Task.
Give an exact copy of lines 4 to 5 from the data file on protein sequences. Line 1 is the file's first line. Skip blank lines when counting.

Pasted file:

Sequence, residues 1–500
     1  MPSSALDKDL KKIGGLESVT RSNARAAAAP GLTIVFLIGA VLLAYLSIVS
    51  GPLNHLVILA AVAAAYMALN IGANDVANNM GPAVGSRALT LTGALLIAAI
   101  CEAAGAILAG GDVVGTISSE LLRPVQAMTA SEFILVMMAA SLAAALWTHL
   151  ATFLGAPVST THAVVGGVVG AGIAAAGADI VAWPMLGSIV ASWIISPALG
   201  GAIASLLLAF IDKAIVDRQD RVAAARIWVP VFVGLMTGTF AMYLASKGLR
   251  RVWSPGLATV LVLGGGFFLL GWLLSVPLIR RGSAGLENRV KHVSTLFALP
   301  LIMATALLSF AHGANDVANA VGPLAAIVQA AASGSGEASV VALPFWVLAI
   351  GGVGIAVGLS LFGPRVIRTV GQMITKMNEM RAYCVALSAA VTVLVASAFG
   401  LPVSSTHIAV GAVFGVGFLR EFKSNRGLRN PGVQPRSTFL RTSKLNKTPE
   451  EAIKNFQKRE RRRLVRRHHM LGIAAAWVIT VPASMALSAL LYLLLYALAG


   101  CEAAGAILAG GDVVGTISSE LLRPVQAMTA SEFILVMMAA SLAAALWTHL
   151  ATFLGAPVST THAVVGGVVG AGIAAAGADI VAWPMLGSIV ASWIISPALG